Tuesday, April 14, 2009

Supreme Court Ruling Allows Attorney General To Unravel More East Chicago Corruption

When East Chicago won its riverboat license for Showboat Marina in 1995, the City of East Chicago established several nonprofit entities to which the licensed riverboat would be required to contribute 3.75% of its gross revenues. A subsequent investigation by the Attorney General's Office concluded that the $16 million paid to one of the entities, East Chicago Second Century, could not be accounted for and could be traced to the political crony principals of the nonprofit. The nonprofit went to court to force a buyer of the riverboat license to continue payments to it. The Attorney General intervened, seeking the establishment of a constructive trust for the nonprofit's assets. The nonprofit succeeded in getting the Attorney General's case dismissed at the trial court level in Marion County by then-Superior Court Judge Cale Bradford (now a Court of Appeals judge), a decision which the Court of Appeals affirmed. In a big win for the Attorney General's office, the Supreme Court unanimously reversed the lower courts and reinstated its constructive trust suit. Now, we can find out just how much those cronies enriched themselves at the expense of the public. Click here to read the decision. The Indiana Law Blog has more here.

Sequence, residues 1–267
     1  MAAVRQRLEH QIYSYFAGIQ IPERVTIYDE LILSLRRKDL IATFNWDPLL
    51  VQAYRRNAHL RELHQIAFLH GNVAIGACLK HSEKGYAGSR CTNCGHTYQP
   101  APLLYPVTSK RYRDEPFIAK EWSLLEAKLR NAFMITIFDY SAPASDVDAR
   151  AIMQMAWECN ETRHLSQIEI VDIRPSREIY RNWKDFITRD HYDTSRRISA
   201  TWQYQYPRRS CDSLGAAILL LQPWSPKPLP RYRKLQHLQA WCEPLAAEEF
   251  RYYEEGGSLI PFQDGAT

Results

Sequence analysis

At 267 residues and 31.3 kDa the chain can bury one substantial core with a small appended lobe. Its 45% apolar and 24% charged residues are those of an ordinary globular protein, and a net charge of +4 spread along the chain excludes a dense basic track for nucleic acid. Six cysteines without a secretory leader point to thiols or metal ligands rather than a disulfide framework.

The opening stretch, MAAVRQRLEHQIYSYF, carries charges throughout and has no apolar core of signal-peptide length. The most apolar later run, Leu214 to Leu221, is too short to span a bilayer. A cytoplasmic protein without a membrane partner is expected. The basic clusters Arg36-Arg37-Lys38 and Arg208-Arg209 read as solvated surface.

Patriot Paul said...

Kenley lives in a cocoon, Hume offers the Simons a big umbrella shelter, Vi Simpson has major conflicts of Simon money contributions, and go-along Mike Young shows intellectual dishonesy by hiding behind others involved based on his personal trust of them rather than the merits of the options. Beyond that I don't understand how you can invent different taxing areas within a city without a constitutional challenge that this is not uniform and equal. If you just happen to live downtown, you'll pay more living on one side and must drive or walk to the other sidewalk to pay less to park, drink. Selective tax discrimination based on proximity.

I know said...

Will the AG now look into the other cozy Casino deals that the contract holders tell the Gaming Commission they will not give any money to any charity or economic development until they get their money back in full.

The Legislature set up the contract and the Casino to bring back economic development not lining good old boys pockets.